This is a story all about how my blog’s meme got spread all around. I’d like to take a minute, if you please, to tell you how I became the bastard parent of a viral meme.
We’ve all seen memes. Some good, most bad, all in CAPS. The good ones are really good and get rewarded by the gratuitous spreading of said images throughout the internet.
When something goes viral a ravenous, social exchange of information takes place where simply getting something out there is more important than where it came from (weird, sounds like the way we consume things IRL too!).
Yet, despite this viral human condition, it’s a good thing that some memes are smart. Like any good joke, a smart meme make you think about reality in a different way. Most especially, the wide reach of memes across millions of people around the world truly displays the power of humor – a force I believe more useful and productive than any other on the planet.
Humor can turn even the darkest subject into something worth cracking a smile at. Before Jon Stewart, no one thought politics could be funny. Taking things too seriously can really bring you down.
The world can be a nasty place, but it is our job as citizens of the world to be informed. Humor makes that easier. Kurt Vonnegut agrees:
“I tell you, we are here on Earth to fart around.”
- Vonnegut’s A Man Without a Country
Humor and science should and do mix
I have personally performed research on the use of humor in the media, when discussing science and climate change. I coined the “humor frame” in my thesis study, suggesting that social scientists interested in the way that science subjects are framed in the media should be keen to the presence of irony, sarcasm, and lighthearted banter.
It does a public good when we all laugh together (unless we’re being mean!).
My “humor frame” will likely go on unnoticed in the academic world, unless I publish in an academic journal you can’t read without university access (useful!).
If my “humor frame” does gain popularity, it will probably not be associated with my name. Alas, the tragedy of such a small contribution to the academic world.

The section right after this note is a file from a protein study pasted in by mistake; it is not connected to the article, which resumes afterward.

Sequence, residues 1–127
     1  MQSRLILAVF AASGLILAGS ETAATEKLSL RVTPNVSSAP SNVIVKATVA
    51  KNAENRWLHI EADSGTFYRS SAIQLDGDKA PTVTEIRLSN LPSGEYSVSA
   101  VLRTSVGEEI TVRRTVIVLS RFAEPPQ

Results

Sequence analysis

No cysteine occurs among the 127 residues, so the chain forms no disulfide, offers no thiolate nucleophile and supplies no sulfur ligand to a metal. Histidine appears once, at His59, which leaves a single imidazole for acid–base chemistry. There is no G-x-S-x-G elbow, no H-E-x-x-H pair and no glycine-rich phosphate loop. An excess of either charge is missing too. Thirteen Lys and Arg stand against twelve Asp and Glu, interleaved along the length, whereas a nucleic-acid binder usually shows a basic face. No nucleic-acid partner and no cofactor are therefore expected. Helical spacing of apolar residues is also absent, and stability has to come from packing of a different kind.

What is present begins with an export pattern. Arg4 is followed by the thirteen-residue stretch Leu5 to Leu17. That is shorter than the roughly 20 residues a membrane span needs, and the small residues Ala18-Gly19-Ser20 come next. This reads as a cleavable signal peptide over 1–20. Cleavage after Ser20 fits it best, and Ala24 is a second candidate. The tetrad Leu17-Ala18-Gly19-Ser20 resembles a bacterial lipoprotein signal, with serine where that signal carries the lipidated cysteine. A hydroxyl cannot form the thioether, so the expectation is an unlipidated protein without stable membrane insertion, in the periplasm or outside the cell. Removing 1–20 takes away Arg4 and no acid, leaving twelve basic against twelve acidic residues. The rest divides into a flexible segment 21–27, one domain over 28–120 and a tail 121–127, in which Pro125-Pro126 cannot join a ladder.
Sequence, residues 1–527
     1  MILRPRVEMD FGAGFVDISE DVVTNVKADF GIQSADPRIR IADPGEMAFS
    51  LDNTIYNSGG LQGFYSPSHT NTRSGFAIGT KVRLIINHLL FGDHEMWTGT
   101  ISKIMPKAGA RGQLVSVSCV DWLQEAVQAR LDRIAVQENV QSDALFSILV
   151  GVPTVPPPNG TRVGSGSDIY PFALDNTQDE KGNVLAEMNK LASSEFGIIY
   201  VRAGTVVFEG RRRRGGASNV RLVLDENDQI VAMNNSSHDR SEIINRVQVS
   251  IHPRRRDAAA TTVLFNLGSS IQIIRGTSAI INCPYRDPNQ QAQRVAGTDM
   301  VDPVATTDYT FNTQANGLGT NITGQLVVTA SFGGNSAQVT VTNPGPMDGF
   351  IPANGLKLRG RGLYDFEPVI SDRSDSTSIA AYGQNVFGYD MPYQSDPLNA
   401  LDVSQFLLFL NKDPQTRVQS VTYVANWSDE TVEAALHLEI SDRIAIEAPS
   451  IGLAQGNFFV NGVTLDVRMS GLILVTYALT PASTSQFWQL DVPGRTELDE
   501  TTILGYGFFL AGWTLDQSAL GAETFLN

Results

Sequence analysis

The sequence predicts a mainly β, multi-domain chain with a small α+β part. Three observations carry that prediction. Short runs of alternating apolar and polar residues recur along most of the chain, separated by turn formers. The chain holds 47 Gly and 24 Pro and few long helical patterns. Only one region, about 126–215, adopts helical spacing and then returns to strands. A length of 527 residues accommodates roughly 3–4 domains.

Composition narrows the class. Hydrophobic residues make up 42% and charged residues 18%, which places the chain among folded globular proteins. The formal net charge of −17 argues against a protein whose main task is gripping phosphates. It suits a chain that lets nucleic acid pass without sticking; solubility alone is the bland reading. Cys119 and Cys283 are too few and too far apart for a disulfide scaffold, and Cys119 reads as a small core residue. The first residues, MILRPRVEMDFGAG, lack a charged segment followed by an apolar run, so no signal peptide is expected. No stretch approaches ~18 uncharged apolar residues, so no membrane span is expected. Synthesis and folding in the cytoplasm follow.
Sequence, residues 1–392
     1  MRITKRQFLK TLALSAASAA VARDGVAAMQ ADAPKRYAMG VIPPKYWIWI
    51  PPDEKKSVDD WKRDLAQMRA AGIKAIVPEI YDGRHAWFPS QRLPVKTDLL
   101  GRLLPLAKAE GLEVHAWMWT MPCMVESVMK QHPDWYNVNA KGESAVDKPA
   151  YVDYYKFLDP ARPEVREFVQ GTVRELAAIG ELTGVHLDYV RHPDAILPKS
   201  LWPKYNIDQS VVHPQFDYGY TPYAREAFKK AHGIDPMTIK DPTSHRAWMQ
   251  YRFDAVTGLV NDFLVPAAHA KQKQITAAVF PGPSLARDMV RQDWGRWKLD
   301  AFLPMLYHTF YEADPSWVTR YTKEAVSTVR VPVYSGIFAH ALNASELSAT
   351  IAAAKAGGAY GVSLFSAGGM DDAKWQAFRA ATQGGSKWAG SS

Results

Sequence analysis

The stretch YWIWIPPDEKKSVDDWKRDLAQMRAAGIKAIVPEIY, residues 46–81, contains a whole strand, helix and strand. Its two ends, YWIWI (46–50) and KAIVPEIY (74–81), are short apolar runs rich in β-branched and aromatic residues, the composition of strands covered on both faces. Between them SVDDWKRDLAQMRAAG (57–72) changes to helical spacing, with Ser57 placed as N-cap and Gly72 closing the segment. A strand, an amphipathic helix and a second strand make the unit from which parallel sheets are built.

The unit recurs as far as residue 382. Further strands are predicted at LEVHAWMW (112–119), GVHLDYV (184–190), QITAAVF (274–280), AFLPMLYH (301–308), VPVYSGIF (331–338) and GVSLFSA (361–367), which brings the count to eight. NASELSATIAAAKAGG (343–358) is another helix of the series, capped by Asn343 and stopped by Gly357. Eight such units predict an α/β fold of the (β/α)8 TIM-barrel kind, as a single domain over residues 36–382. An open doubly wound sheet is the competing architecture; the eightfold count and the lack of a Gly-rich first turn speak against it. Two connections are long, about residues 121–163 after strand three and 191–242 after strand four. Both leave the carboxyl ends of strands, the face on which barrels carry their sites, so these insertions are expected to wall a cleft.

Now, when I’m not coming up with brilliant social methods of inquiry, I’m usually coming up with some way to not take the world seriously (it’s a dangerous thing – the Joker warned us!).
When I started this website one of my first ideas was a Green Memes page. The now famous “Renewable Energy, I’m a big fan” was one of our first posts.
Give and take on the Interwebs
Again, I think humor is powerful, so I started creating and posting energy-themed memes hoping that I could stir interest in the Wild and Free Project (discussing the future of energy technology with average Americans).
After the Grist post, our meme spread like wildfire. I had no idea, because no one else was giving us credit.
I noticed that the image was quickly becoming the most widely viewed item on our entire website based on web analytics, so people were definitely getting to the image through us a couple months ago. Wayyyyyyy back then, when you would search for “green meme” you would find the image and be directed to our page. Now, there are tons of other links and you can’t find ours among the mess.
I only noticed the phenomenon when, coincidentally, Arizona States’ School of Sustainability (a place I worked for two years) posted the image to their Facebook without a source. I could have been really bummed out about the loss of attention for my project, but instead, I laugh.
It’s hilarious that I was able to make an impact with something as simple as an image and a joke. In the end, the winner in this viral adventure isn’t the Wild and Free Project, the winner is wind energy and that is a wonderful thing.
Lesson: Spreading a great message is better than attention
Today, there are a lot more human beings out there in the world with a funny, welcoming image about wind turbines in their head than there were a few months ago.
Renewable energy can be an intimidating topic with all the money, politics, and association with global climate change.
Additionally, there are a lot of feelings out there in the public about the appearance of wind turbines and the technology’s role in a future that is growing more and more cataclysmic everyday.
The “big fan” image challenges those stereotypes and barriers to discussion about a very important technology (and one which the US totally kicks ass at producing and selling throughout the world).
The image makes people laugh, while also supporting human ingenuity and one of our greatest inventions.
Those of us who really are big fans of alternative energy, now have an image that helps us say so publicly, without the stigma of alarmist messages or technical language.
The joke is simple and direct, there is no room for controversy.
Energy from invisible forces: HUMANS CAN BUILD THAT
No joshing you, it’s pretty fu^*ing brilliant of us humans to have looked out into a vast open field with trees blowing in the wind and have said to ourselves, “that’s mighty powerful, kind of like a gift from god. Maybe I could do something with it.”
Humans don’t just admire, we create.
Energy from the sun, from the wind, from invisible forces hidden in lava, water, and soil?
If we build it, the cheaper electricity bills will come.
Afterall, isn’t the idea of humans learning how to power our planet without anything but the forces already present on our planet an absolutely amazing thing?
Kind of makes you want to smile, doesn’t it?
MAKE IT COUNT, PEOPLE!